Peter Thiel’s contrarian startup classic, Zero to One, is a great book for understanding and building startups.
Zero to One. As Thiel explains in the opening pages, Zero to One is the concept of creating companies that bring new technology into the world: “The single word for vertical, 0 to 1 progress is technology.” This is in contrast to startups that simply copy existing ideas or other products and tackle problems 1 to n. In Thiel’s view, the great equalizer that allows you to create such an idea is proprietary technology. This can come in many forms: Google’s search algorithms, Amazon’s massive book catalog, Apple’s improved design of the iPad or PayPal’s faster integrated Ebay payments. But generally, to capture significant value from a market; the winning technology has to be 10x better than competition. To this end, Thiel says, “Don’t disrupt.... If your company can be summed up by its opposition to already existing firms, it can’t be completely new and it’s probably not going to become a monopoly.” The true way to become a massively successful company is to build something completely new that is 10x better than the way its currently being done. This 10x better product has to be conceived over the long term, with the idea that the final incremental feature added to the product gives it that 10x lift and takes it to monopoly status.
Beliefs and Contrarianism. Thiel begins the book with a thought-provoking question: “What important truth do very few people agree with you on?” To Thiel, however you answer this question indicates your courage to challenge conventional wisdom and thus your potential ability to take a novel technology from 0 to 1. Extending this idea, Thiel defines the word startup as, “the largest group of people you can convince of a plan to build a different future.” This sort of Silicon Valley contrarianism is exactly the mindset of Internet bubble entrepreneurs. Thiel continues on this thinking, with another question: “Can you control your future?” and to that question he answers with an emphatic, “Yes.” People are taught to believe that “right place, right time” or “luck” is the greatest contributor to individual success. And as discussed in Good to Great, while many CEOs and prominent executives make this claim, they often don’t believe it and use it much more as a marketing mechanism. Thiel firmly believes in the idea of self-determination, and why shouldn’t he? He’s a white male, Rhodes Scholar and Stanford Law School graduate who has now made billions of dollars. In his mind, you either believe something novel and create that future or you waste your time tackling the problems that exist today. This also conveniently mirrors Thiel’s investing focus and he even calls this out in a chapter detailing venture returns. Venture takes informed speculative bets on which technology will ultimately win out in a market – the best bets are the ones that differ so greatly from the established norm because the likelihood of landing in the monopoly position (though still small) is much greater than a Company that is recreating existing products.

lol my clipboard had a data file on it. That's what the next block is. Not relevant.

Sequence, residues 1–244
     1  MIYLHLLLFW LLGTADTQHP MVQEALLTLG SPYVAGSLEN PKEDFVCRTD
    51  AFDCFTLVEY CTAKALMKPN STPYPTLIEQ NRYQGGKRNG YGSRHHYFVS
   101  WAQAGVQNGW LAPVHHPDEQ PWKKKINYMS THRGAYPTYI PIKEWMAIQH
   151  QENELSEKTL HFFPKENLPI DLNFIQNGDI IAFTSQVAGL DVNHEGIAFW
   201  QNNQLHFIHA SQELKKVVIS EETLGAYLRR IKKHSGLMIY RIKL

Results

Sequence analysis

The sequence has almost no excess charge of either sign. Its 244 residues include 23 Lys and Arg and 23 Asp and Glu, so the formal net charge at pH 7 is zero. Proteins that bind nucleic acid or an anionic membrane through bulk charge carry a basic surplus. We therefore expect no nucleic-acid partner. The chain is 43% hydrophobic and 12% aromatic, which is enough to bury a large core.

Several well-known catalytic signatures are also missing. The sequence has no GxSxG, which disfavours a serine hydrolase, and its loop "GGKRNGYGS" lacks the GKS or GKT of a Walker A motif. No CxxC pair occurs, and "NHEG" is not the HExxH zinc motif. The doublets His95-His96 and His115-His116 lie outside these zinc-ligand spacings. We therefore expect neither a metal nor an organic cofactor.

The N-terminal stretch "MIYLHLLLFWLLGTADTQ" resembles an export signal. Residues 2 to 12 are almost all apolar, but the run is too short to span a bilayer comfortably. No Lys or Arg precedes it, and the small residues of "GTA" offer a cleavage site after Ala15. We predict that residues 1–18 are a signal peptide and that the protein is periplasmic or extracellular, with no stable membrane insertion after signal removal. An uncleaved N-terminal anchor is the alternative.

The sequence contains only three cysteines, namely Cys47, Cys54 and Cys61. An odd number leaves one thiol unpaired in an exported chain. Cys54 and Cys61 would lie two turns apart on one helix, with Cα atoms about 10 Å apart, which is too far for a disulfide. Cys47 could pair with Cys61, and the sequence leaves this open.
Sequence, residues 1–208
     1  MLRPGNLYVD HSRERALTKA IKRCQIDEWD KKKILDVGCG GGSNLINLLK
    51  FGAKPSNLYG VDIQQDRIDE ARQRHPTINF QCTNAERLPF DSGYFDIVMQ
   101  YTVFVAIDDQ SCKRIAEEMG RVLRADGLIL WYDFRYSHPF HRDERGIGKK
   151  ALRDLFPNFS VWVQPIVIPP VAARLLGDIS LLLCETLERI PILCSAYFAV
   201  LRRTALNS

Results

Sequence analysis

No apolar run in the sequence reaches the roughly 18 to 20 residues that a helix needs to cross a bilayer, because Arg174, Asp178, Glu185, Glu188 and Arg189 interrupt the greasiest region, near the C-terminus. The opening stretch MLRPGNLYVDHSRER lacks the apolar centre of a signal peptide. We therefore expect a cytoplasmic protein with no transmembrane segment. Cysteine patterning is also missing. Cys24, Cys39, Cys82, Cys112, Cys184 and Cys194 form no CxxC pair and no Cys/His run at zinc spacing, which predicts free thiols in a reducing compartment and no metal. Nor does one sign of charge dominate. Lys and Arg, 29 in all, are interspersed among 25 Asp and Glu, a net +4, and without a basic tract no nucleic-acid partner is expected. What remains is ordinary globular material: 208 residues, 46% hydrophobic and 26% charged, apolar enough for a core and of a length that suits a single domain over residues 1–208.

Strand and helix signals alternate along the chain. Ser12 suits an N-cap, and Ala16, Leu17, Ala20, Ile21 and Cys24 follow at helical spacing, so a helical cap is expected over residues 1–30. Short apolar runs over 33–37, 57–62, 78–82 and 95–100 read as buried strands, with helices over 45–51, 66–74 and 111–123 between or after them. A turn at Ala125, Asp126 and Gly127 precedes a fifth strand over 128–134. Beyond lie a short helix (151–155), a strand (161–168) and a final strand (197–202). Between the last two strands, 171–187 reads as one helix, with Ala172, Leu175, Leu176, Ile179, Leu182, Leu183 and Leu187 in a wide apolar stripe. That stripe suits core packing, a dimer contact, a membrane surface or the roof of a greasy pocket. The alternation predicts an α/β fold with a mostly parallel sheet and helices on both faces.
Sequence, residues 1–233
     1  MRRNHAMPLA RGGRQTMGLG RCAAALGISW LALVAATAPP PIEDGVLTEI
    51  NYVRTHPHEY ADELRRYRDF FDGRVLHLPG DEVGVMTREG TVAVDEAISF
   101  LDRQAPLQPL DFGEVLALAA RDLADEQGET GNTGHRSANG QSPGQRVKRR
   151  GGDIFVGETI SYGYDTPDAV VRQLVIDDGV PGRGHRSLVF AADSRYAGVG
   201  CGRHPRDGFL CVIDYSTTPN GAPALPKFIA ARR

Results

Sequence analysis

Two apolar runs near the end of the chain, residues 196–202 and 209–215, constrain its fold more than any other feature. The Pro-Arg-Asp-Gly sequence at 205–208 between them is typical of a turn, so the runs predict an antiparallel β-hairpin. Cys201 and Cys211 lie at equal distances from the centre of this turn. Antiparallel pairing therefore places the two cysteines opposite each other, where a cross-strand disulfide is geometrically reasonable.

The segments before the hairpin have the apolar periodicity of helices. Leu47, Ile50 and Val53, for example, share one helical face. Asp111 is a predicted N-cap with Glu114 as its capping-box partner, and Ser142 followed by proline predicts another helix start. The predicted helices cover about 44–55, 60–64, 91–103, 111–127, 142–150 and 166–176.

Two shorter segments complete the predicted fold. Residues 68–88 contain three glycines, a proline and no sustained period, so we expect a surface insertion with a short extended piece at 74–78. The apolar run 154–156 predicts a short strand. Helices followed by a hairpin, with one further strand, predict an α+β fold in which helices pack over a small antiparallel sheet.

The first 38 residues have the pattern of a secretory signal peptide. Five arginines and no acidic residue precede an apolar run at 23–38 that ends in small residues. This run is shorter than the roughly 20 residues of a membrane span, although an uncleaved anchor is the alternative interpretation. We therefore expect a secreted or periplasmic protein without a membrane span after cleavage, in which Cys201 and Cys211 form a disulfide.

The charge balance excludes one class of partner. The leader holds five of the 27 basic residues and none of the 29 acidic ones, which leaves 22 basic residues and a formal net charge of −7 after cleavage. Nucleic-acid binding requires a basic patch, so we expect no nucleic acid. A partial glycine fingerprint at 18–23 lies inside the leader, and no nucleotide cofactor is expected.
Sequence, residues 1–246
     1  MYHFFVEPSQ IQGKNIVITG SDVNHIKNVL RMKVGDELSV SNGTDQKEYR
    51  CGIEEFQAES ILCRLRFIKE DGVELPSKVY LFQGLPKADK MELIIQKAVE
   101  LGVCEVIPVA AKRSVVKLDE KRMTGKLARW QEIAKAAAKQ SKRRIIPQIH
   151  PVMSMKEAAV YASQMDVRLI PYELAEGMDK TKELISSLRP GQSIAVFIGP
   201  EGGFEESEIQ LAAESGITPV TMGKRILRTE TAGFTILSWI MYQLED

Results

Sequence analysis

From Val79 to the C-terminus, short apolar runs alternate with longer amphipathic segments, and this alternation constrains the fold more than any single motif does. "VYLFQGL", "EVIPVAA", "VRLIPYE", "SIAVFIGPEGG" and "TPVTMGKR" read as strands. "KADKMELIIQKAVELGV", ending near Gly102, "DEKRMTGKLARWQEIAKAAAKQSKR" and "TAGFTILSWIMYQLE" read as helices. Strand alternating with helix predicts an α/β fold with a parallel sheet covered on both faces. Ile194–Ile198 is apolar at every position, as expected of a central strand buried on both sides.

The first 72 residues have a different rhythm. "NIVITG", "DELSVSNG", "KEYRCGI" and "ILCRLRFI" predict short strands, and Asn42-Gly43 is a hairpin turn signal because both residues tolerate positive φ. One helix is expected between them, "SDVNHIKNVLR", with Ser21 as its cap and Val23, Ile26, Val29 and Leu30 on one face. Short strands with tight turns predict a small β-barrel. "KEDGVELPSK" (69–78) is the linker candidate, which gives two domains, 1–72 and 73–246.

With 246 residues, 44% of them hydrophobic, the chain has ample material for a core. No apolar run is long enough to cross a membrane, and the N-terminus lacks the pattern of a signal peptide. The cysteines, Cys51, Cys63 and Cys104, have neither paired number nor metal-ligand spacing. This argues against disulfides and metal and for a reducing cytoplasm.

Looking for Secrets and Building Startups. The answers to the Thiel question posed above are secrets: knowable but undiscovered truths that exist in the world today. He then poses: “Why has so much of our society come to believe that there are no hard secrets left?” He provides a four part answer:
Incrementalism – the idea that you only have to hit a minimum threshold for pre-determined success and that over-achieving is frequently met with the same reward as basic achievement
Risk Aversion – People are more scared than ever about being wrong about a secret they believe
Complacency – people are fine collecting rents on things that were already established before they were involved
Flatness – the idea that as globalization continues, the world is viewed as one hyper competitive market for all products
Sticking on his contrarian path, Thiel emphasizes: “The best place to look for secrets is where no else is looking…What are people not allowed to talk about? What is forbidden or taboo?” This question is especially interesting in the context of the latest round of startups going public. A lot of people have argued that the newest wave of startups are tackling problems that are of lower value to society, like food delivery – focused on pleasing an increasingly on-demand, dopamine driven world. Why is that? Have we reached a local maximum in technology for a given period? While you may not completely believe Ray Kurzweil’s Law of Accelerating Returns, the pace of technological evolution has probably not hit a maximum. It could be argued that we have enjoyed a great run with mobile as a dominant computing platform (PCs before that, Mainframes before that, etc.) and that the next wave of startups tackling “important" problems could spring out of such a development.